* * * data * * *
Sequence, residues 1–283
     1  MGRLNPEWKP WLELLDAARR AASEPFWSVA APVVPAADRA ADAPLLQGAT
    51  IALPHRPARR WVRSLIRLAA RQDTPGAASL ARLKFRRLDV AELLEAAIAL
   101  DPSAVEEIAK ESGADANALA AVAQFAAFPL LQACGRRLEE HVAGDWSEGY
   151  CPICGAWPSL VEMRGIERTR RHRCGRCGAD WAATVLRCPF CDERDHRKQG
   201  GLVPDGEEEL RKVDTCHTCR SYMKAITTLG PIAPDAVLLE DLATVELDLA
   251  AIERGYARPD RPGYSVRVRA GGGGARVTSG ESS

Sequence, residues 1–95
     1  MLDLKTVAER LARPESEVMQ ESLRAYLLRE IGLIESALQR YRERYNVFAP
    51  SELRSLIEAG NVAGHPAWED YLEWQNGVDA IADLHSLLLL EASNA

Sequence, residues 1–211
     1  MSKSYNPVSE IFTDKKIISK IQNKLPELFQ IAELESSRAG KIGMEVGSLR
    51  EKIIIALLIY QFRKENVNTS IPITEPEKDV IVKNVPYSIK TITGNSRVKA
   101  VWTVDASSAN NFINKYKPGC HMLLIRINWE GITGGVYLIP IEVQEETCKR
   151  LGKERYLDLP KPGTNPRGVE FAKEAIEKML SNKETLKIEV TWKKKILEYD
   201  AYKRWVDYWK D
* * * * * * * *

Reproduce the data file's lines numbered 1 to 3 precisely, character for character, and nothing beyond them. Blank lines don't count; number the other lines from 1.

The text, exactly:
Sequence, residues 1–283
     1  MGRLNPEWKP WLELLDAARR AASEPFWSVA APVVPAADRA ADAPLLQGAT
    51  IALPHRPARR WVRSLIRLAA RQDTPGAASL ARLKFRRLDV AELLEAAIAL